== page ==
Many a Cider Drinker has probably dream of spending day of two in a 120.000 pint vat of Thatchers.
But the skilled craftsman pictured here are the master coopers who are ensuring the cider makers gigantic 150 year old oak vats remain in top condition for maturing it’s Somerset cider
I spent a couple of hours with cooper Alastair Simm and his team, depending deep into the vats and getting a rarely seen view from the inside. The 11 30ft tall vats each hold 120.000 pints, but occasionally they do need to be left empty so they are able to receive some expert care to keep them in top condition.
Alastair Simms, Britain’s only master cooper and owner of White Rose Cooperage is entrusted with the upkeep of the vats at Thatchers headquarters Myrtle, at Myrtle Farm, Sandford.
A fug of cider and sharp apples hangs heavy in the vats, which can, unsurprisingly, make you feel rather light headed
Constructed of three inch thick oak staves, each of the vats has it’s own character. They were built by Carty and Sons of London, dating back to the 1040s. Each Stave is numbered from 1 to 200 ish (I forgot to do a final count) with the year roughy scrolled into the wood in Roman numerals.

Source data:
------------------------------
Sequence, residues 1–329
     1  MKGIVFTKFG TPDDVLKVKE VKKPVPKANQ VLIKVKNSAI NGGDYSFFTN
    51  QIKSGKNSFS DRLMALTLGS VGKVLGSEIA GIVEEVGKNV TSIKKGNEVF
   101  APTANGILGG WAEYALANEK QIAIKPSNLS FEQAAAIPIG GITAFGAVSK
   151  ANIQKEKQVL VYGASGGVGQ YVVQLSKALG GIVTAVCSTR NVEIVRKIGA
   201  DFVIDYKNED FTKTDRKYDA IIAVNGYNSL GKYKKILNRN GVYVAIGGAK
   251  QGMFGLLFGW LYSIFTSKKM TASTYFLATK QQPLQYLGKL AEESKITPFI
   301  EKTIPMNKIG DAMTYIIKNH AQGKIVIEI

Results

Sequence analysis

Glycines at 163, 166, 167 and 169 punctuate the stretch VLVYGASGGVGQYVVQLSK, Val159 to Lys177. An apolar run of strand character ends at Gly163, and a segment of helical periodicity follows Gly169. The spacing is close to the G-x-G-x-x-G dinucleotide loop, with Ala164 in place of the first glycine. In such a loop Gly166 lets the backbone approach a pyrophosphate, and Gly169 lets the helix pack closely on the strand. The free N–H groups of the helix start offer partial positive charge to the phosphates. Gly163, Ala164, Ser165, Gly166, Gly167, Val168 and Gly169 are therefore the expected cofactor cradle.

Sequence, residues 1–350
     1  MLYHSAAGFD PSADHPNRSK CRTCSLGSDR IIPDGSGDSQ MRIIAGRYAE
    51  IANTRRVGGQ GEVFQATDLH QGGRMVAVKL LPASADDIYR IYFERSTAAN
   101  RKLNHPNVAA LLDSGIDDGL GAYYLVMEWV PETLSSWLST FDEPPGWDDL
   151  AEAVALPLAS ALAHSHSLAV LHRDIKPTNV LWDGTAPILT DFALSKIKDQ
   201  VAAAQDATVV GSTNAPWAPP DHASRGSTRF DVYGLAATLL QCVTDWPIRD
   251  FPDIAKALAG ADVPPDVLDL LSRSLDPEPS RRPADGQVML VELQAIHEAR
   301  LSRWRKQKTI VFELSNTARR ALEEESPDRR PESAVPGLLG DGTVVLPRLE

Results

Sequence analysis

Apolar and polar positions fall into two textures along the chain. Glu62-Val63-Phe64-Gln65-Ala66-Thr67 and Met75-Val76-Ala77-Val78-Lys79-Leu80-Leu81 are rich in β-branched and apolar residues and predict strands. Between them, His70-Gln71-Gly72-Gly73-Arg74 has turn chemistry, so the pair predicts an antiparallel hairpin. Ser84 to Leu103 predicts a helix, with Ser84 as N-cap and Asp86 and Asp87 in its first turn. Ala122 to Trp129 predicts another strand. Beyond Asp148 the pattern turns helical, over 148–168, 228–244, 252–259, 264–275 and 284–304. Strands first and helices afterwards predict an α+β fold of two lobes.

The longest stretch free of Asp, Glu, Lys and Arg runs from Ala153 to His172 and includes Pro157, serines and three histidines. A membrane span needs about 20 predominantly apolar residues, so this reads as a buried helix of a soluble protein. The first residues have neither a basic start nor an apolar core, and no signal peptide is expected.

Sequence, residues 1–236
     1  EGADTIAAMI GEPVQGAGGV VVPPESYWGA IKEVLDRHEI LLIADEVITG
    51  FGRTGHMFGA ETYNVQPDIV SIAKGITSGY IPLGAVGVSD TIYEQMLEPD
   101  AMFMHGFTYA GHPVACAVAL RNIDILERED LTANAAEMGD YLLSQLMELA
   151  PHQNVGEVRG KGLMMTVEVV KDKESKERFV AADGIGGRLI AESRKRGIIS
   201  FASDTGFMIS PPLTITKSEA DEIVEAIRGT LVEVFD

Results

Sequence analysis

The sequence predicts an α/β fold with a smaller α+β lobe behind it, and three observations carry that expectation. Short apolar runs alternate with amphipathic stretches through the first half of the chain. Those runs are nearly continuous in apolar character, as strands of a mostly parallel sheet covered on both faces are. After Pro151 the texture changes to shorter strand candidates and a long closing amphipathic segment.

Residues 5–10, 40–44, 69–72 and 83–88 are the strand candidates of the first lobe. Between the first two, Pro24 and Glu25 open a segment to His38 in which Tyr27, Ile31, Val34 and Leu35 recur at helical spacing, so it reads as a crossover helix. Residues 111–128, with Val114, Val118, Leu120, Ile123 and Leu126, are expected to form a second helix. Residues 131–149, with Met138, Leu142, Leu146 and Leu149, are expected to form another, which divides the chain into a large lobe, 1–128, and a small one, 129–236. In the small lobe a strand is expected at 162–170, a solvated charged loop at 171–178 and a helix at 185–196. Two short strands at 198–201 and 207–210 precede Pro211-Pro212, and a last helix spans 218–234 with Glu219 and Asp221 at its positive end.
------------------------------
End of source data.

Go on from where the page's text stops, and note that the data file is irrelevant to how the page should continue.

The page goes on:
Apart from when the coopers are visiting, the Huge vats are full of cider.If the wood dries out, it can shrink.
Even though the wood has been cut it is still a living product, so the speed of work is essential to complete the work within 48 hours – the longest they recommend a vat is empty for.
While the cider is held in the vats, usually for around six weeks, the oak softens and rounds the flavours, allowing the apple characteristics to shine through. Every Friday the Thatchers cider makers taste the cider from each vat, to judge if it is ready for next step of it’s journey
All photography copyright Neil Phillips Photography 2015
thanks for Penny Adair and Tina Rowe